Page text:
NRDC warns of effects of fiscal cliff on the environment listen02/05/13 Seán Kinane
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The U.S. Congress reached an agreement at the end of last year to temporarily avoid what was being called the fiscal cliff of automatic spending cuts and tax increases. But they just put aside the stand-off until the end of this month. The Natural Resources Defense Council is warning that if the deep cuts go through it could negatively affect clean air and water. WMNF’s Seán Kinane spoke with Scott Slesinger, director for the Natural Resources Defense Council.
"The fiscal cliff, people think was solved on January 1st but all they really did was do a temporary fix that will delay the cliff until March 1st. So on March 1st there's going to be arbitrary across the board cuts in good and bad programs that will really devastate programs that protect our air, our water, and our environment."
Give us an example of how it would affect the water, the environment, the air, and national parks.
"Let's start with the national parks. Many of our parks are not open all year. They rely on seasonal labor. People who are there when the crowds are around. It's going to be very hard for the Park Service to hire those temporary workers when their budget is being slashed so much. Some of the parks we expect will close or have very limited hours. This will have a ripple effect. Our parks and the tourism that surrounds the parks bring in over $650 billion in revenue so the impact is not just putting our parks at risk because we're not going to be protecting them but we also are going to hurt the economy."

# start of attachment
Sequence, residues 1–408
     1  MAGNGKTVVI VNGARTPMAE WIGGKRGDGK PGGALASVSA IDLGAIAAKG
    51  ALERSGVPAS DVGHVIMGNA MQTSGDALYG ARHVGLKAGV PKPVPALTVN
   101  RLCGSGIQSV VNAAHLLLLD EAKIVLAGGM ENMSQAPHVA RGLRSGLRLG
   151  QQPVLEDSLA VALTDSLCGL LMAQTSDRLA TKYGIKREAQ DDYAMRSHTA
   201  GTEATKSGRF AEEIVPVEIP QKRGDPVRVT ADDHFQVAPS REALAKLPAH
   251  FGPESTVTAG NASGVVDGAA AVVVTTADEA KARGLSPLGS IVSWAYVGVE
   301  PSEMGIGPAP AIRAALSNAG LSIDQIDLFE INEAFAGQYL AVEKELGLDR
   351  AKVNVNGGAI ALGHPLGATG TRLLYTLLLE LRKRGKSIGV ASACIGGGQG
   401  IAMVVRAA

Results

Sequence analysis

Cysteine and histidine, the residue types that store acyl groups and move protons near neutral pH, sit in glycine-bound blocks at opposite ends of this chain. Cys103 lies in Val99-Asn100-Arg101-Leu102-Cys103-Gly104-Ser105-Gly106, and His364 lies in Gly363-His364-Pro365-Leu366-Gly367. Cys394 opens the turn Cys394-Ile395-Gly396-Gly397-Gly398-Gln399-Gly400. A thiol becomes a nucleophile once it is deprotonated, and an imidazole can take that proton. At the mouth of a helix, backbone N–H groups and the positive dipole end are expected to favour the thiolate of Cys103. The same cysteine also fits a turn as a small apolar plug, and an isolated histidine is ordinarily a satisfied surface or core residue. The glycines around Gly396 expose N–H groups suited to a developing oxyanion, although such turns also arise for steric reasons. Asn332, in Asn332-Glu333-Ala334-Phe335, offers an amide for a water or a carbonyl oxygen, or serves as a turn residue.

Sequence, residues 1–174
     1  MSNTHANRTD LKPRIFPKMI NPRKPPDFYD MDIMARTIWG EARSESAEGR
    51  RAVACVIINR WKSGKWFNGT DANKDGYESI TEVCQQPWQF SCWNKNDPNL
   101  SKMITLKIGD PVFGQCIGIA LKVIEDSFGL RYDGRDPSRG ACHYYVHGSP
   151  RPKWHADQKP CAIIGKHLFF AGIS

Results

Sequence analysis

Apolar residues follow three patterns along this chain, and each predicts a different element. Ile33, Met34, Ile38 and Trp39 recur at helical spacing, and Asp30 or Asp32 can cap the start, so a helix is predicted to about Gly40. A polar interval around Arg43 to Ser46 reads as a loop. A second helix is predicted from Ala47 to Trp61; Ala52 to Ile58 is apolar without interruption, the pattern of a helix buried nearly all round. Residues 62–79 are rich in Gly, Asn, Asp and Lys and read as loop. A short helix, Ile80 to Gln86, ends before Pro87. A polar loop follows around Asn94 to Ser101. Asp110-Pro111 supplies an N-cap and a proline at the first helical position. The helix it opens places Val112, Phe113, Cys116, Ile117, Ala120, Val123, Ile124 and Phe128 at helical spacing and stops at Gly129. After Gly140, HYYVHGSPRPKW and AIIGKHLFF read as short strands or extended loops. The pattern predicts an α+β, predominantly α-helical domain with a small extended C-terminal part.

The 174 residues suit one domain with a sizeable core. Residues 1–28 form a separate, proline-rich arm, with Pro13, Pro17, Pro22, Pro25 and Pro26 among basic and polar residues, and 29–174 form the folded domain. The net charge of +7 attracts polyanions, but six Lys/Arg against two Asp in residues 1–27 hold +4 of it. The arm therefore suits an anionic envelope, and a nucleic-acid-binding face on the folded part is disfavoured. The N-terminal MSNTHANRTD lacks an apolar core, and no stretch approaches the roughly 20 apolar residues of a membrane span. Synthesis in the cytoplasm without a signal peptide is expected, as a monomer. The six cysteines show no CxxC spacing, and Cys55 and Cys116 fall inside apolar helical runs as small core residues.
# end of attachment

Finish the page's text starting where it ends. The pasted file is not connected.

Instead of cuts only, you're proposing additional revenues. What kind of revenues are you talking about?
"The tax code has had over 300 amendments since 1986. These are loopholes for large corporations, for millionaires and billionaires so they don't have to pay their fair share of taxes. It's better for them to hire a lobbyist and not pay their taxes. We need to close those loopholes. Probably the most obvious to us are those tax incentives that hurt the environment such as $8 billion for the oil industry. Why, in god's name are we giving $8 billion of federal taxpayers money to the richest companies in the world? We can get rid of these loopholes and provide the government that people need to protect our air, our water, allow our air traffic controllers to protect our skies."
Some cuts have been proposed in the Office of Renewable Energy and Energy Efficiency and research and development, what do those programs do right now and how would cuts affect that?
"We're beginning slowly to move towards greener energy and the research that this office does has made really great strides to provide for wind and solar to really get up and going in this country and really begin to contribute. Cutbacks in this office are clearly going to hurt moving forward in making us less dependent on foreign oil. That really seems to be a foolish strategy going forward with all of the untapped resources particularly in a state like Florida for solar power. The state of Florida got a huge part of it's water and sewer improvement money from the federal government. Those programs are going to take a disproportionately large cut which will make it more difficult for communities in Florida to provide clean drinking water or sewage treatment. The alternative is either these waters are going to be more contaminated or the other alternative is that local water fees are going to skyrocket."